All dictatorships and authoritarian regimes censor the media in some way. The reason is obvious: a free press will usually investigate the actions of government officials, give space to the opposition and publish ideas contrary to official ideology. Yet even in the most difficult circumstances, journalists can evade the censors.
Varying degrees of authoritarianism lead to various degrees of censorship. From totalitarian North Korea, where all journalism is state controlled, to semi-functional democracies like Turkey, where an independent press exists, but journalists are often harassed or arrested if they criticise the government. In a research paper for the Reuters Institute for the Study of Journalism at the University of Oxford (Evading the Censors: Critical Journalism in Authoritarian States), I investigated how journalists work in an environment of censorship. I talked to journalists and other people connected to the media in four countries: Singapore, Malaysia, Russia and Venezuela.
The countries have been selected because they are nominally all democracies, but they also have restrictions on those democracies.
They all have elected governments that are supported by large portions of the population. They all guarantee their citizens free speech and freedom of the press through their constitutions, but none of them have a free media in practice. Malaysia, Singapore, Russia and Venezuela all have both official and unofficial censorship. They are all rated low on media freedom indexes published by non-governmental organisations, such as Reporters Without Borders and Freedom House.
The censorship environment is different in the four countries, and journalists operate in different ways to circumvent them. But there are also common features in censorship evading in these countries. I have identified the following six methods journalists use to evade censorship.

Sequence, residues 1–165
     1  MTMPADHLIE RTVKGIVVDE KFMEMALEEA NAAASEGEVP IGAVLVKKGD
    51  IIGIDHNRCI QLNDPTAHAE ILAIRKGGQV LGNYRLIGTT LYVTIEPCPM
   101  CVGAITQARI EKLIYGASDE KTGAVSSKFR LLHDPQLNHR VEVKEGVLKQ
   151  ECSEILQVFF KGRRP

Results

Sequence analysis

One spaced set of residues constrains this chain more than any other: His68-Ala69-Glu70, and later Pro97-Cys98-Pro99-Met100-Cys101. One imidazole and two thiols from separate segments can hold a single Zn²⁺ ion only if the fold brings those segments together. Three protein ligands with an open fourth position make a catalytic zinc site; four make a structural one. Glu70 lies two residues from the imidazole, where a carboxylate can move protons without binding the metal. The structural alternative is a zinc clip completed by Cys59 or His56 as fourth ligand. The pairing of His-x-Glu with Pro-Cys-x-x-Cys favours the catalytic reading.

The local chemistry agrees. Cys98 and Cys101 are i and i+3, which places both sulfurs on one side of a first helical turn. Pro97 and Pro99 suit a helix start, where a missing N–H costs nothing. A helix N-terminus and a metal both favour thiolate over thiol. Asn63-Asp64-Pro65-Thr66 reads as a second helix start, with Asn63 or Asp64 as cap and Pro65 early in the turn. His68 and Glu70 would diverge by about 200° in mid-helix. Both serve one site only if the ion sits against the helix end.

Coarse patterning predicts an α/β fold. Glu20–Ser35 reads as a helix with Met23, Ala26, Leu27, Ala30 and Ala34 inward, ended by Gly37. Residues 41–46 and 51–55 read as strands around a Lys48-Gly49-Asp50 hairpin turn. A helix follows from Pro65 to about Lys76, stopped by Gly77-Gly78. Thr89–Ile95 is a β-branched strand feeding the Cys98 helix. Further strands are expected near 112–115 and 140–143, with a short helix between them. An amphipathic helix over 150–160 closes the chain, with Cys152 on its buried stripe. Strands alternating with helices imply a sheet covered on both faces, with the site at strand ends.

1. Hide sensitive content
Journalists can hide sensitive content by presenting it in ways that disguise the true meaning for the censors, either by phrasing it in certain ways or putting it at the end of long articles. This method is used in Malaysia and Singapore. Although it was developed to perfection by journalists in the Soviet Union, it is not common in Russia today.
2. Ask critical questions at press conferences
One way for journalists to make information or criticism public, is to ask officials critical questions at press conferences. If the conference is broadcast live, the audiences will hear the questions. If it is not live, other journalists present may pick up on the theme and continue discussing the matter on blogs or in social media, where censorship may be lighter.
3. Publish sensitive material in media not associated with politics
Media that do not generally cover politics may sometimes get away with critical political reports. Interviewees mentioned the business media in Malaysia and lifestyle media in Russia as examples of outlets that can occasionally get away with criticism.
4. Operate media from abroad
This method is probably more used against totalitarian countries. In the countries I researched, the only example from my sources are Venezuelan journalists working from abroad and publishing online.
5. Share content with media outlets less likely to be censored
In some instances, if an editor does not want to publish a story, it can be sent to a media less likely to be censored or more willing to take risks. There are examples of this being done in Russia. According to a source in Venezuela, his newspaper will sometimes send stories to foreign media. The newspaper can then quote the foreign medium that ran the story.
6. Online media
The internet has opened up new possibilities for publishing both for journalists and the public in general. In both Malaysia and Singapore online journalists have more freedom than journalists in traditional media. In Venezuela people rely on social media for information they do not get through traditional media. Journalists sometimes use social media to publish news and comments their editors will not allow.
This is not an exhaustive list. Government censorship practices varies from one country to another, and journalists will have to tailor their methods to the environment they work in.
The limited outlets for critical journalism in the countries I have investigated does not serve as a substitute for full media freedom. The more outspoken media outlets usually have less reach than the rest of the media, so their impact is limited. If their audience becomes too big, the government might get anxious and crack down. But the fact that they exist, and provide critical journalism for those who look for it, provides some basis for diverse political discussion that the governments often try to avoid.
Given the opportunity, journalists find ways to publish sensitive material and they show creativity and ingenuity in their ways of making information available.
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